Former Secretary of State Rice Defends Invasion of Iraq
October 15, 2010
An Iraq moving toward democracy could transform the Middle East, former Secretary of State Condoleezza Rice told an Oct. 15 sold-out NPC luncheon audience.
She said that's because Iraq is such an important country in a region dominated by authoritarian governments. But she emphasized creating democracy wasn't why the U.S. invaded Iraq.
"Saddam Hussein has brought the United States into wars twice," she said. "Every intelligence agency in the world thought Iraq had weapons of mass distruction." She said Hussain could have been dealt with later, but "we decided he had to be dealt with now."
Rice also said the Israeli-Palestinian problem requires political rather than religious solutions. She said those solutions are on the table and indicated they were mainly territorrial.
Questioned about Russia, she said the country's golden age was the 1990s after the collapse of the Soviet Union and fall of the Berlin wall. But she said the United States didn't help Russia enough in that period.
As well, she applauded what she said has been Russia's help on Iran, North Korea and other countries. Where problems evolve are in Russia's treatment of such countries as Ukraine that were part of the Soviet Union, she said.
The author of a new book, "A Memoir of My Extraordinary, Ordinary Family and Me," her speech was framed by the Civil Rights era when she was growing up in Birmingham, "the most segregated city in America."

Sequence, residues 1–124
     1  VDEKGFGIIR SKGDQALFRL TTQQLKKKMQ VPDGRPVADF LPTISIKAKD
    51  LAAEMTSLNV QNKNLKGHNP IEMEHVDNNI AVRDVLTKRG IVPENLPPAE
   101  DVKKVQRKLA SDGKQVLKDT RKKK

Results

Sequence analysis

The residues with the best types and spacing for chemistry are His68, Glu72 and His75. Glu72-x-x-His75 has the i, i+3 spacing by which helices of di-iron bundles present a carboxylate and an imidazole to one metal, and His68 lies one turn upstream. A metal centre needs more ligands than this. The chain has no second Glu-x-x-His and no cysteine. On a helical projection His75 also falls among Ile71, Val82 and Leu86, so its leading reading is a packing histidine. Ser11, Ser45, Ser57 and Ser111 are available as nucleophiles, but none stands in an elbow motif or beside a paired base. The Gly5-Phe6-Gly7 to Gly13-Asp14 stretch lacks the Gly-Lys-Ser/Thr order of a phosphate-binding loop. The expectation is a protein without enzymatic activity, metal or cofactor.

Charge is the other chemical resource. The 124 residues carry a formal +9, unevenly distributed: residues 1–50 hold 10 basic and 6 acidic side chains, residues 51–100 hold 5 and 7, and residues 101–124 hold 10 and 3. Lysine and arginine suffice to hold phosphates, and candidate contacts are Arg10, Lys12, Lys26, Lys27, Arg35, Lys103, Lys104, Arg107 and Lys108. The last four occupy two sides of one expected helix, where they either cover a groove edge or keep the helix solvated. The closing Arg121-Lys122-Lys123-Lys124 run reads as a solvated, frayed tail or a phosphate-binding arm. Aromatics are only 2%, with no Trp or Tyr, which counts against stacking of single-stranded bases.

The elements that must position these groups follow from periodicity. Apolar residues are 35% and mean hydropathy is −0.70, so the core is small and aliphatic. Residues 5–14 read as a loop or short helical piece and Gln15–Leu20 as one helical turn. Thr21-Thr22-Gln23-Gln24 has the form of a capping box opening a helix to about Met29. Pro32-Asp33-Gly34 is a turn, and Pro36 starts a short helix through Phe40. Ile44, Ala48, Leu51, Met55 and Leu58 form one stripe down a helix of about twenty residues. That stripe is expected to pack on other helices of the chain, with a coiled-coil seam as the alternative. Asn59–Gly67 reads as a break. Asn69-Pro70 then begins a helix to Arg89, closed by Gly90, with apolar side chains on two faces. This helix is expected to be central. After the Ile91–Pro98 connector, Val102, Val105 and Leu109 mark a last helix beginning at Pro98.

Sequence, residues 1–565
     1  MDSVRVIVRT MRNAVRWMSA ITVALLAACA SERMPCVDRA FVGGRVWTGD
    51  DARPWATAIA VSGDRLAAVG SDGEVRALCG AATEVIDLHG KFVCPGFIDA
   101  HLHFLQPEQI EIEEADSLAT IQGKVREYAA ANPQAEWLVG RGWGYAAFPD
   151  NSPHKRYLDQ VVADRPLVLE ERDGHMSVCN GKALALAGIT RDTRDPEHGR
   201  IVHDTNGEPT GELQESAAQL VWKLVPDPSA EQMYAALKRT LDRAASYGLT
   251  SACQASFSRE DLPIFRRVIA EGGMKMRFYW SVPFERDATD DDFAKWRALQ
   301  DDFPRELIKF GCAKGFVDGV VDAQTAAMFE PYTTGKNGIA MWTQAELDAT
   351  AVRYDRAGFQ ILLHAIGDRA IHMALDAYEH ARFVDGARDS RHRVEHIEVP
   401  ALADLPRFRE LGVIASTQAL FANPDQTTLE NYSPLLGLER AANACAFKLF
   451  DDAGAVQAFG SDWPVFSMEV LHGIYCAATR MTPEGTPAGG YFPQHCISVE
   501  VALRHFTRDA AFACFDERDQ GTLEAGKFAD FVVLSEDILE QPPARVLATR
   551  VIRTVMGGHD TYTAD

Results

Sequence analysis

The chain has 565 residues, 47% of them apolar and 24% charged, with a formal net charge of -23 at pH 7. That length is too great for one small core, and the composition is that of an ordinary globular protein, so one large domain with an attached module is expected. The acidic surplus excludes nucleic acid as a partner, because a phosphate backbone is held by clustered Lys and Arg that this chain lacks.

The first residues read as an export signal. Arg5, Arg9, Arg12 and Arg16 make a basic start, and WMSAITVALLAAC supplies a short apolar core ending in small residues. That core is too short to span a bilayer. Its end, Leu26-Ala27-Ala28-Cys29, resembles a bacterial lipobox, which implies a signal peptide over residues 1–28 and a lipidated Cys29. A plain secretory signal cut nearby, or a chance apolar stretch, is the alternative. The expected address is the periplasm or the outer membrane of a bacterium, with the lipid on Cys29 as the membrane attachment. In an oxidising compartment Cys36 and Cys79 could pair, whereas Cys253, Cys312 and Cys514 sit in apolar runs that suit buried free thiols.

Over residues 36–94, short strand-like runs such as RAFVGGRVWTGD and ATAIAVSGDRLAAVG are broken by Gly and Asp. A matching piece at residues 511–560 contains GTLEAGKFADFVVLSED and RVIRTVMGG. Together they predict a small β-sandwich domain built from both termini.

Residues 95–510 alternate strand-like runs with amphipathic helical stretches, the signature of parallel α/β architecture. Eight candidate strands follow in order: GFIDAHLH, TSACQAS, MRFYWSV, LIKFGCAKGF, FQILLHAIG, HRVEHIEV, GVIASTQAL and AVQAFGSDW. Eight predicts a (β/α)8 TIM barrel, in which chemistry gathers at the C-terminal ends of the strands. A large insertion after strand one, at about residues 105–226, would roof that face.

She paid high tribute to her parents' emphasis on education as catalyst of her career in which she was not only a professor at Stanford University but also national security advisor and then Secretary of State in the George W. Bush administration.
Reforming the nation's educational system is the nation's highest priority, Rice said. She lamented the plight of so many of the nation's poor children, many of whom can't read by the third grade. "If they haven't learned by then," she said, "they won't." America's future, Rice said, depends on turning that around.
Having returned to teaching at Stanford, Rice also emphasized the need for more racial diversity in university faculties.
But for all the need for further racial progress, Rice stressed the nation's major strides since the explosive days in Birmingham where four young children, including one of her friends, were killed in the bombing of a church.
"Our last two or three mayors (of Birmingham) were black," she said.
Asked whether she might return to public service, Rice made clear she had no plan to. "I was national security advisor and secretary of state," she said, suggesting that was enough.
-- Robert Webb, email@example.com